YL: Have you traveled much within Mexico? If so, where and what has been your favorite location to visit? What did you see there that you liked so much?
Phillip: I haven’t been far out of Merida. I like to go diving in cenotes in Cuzama. I made my way to Playa Del Carmen a few times and haven’t had a bad memory from there, that’s for sure.
YL: How are you treated by Mexicans? Do you feel resented or welcome?
Phillip: There are many types of people here. By mostly I am treated very well and welcomed. I get along great with everyone here.
YL: How do you feel about the economic prospects of Mexico? Of the Yucatan?
Phillip: For me, it’s of no concern right now. I am more worried for the future of the United States!
YL: What are some changes you are hoping for in the city in which you live? Do you see any progress towards these changes?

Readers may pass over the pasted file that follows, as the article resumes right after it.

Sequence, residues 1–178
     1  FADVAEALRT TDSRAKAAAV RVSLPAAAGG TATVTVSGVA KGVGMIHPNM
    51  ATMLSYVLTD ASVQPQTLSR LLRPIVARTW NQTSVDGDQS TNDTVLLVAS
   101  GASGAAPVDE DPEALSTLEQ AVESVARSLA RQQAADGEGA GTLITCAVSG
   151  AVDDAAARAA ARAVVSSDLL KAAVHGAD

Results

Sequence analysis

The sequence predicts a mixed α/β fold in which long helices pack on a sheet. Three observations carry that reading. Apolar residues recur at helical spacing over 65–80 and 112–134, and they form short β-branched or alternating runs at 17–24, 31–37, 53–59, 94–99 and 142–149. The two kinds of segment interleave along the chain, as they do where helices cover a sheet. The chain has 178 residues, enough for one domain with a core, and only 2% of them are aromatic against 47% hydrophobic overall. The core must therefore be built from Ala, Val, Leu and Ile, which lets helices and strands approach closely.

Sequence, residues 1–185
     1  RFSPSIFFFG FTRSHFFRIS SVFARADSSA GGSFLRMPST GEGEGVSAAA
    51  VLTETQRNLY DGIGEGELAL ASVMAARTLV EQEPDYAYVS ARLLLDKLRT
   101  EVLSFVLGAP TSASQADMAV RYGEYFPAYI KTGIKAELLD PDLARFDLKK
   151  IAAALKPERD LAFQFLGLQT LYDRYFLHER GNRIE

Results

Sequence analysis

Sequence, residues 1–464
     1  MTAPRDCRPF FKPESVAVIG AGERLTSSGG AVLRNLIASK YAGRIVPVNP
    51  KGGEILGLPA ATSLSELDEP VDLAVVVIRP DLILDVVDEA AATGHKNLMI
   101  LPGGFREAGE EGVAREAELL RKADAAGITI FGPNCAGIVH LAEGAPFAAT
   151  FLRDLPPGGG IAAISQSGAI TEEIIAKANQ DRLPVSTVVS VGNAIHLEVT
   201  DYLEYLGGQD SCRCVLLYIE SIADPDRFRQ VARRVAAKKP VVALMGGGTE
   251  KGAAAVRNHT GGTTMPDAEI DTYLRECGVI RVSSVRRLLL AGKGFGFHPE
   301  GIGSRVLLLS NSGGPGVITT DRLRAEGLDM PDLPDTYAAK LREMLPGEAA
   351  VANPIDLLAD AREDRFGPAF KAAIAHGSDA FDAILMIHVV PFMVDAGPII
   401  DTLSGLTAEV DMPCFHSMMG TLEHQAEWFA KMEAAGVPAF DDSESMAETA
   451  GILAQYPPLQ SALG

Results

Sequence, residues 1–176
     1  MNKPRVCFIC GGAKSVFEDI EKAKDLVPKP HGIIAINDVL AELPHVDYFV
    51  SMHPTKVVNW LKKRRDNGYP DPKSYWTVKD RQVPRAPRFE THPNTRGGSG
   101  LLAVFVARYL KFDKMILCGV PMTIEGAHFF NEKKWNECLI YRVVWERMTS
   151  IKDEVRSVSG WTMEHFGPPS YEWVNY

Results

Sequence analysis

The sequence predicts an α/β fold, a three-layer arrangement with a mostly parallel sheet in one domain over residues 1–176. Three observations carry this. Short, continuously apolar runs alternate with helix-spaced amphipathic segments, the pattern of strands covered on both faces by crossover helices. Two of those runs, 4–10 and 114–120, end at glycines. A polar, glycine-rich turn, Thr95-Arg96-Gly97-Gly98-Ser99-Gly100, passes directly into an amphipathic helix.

Phillip: Well, I would like to see more bus stops put in and more rules enforced upon them. They drive like maniacs here!
YL: What are your plans for the future here?
Phillip: If I do decide to stay for good, I am very interested in opening another gym or expanding the one I have now.
YL: What is the one most important piece of advice you would give someone buying property and/or planning a move to the Yucatan?
Phillip: Take your time and get to know the entire city. Don’t just stay in the Centro. Experience everything the city has to offer.
YL: If you could say something to all the people of Mexico, what would you say?
Phillip: Vive Mexico!!!
Phillip Geerts is the inhouse trainer at the gym at Rosas + Xocolate, the small luxury hotel on Paseo de Montejo at the corner of Calle 41. He is also a personal trainer and Mixed Martial Arts practitioner.